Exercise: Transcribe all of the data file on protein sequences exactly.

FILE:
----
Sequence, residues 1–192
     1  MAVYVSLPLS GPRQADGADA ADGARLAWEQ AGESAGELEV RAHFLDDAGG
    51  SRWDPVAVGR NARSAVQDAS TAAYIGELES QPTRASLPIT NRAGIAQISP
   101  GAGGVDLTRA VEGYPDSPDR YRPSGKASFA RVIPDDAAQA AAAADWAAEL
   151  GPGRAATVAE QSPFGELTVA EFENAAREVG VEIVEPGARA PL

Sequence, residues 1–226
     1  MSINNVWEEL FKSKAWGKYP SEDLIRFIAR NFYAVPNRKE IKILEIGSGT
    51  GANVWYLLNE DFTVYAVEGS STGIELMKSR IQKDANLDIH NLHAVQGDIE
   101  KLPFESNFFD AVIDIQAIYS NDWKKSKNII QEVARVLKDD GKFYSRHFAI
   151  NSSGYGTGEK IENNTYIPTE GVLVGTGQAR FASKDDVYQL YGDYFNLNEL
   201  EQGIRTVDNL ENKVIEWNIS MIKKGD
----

Sequence, residues 1–192
     1  MAVYVSLPLS GPRQADGADA ADGARLAWEQ AGESAGELEV RAHFLDDAGG
    51  SRWDPVAVGR NARSAVQDAS TAAYIGELES QPTRASLPIT NRAGIAQISP
   101  GAGGVDLTRA VEGYPDSPDR YRPSGKASFA RVIPDDAAQA AAAADWAAEL
   151  GPGRAATVAE QSPFGELTVA EFENAAREVG VEIVEPGARA PL

Sequence, residues 1–226
     1  MSINNVWEEL FKSKAWGKYP SEDLIRFIAR NFYAVPNRKE IKILEIGSGT
    51  GANVWYLLNE DFTVYAVEGS STGIELMKSR IQKDANLDIH NLHAVQGDIE
   101  KLPFESNFFD AVIDIQAIYS NDWKKSKNII QEVARVLKDD GKFYSRHFAI
   151  NSSGYGTGEK IENNTYIPTE GVLVGTGQAR FASKDDVYQL YGDYFNLNEL
   201  EQGIRTVDNL ENKVIEWNIS MIKKGD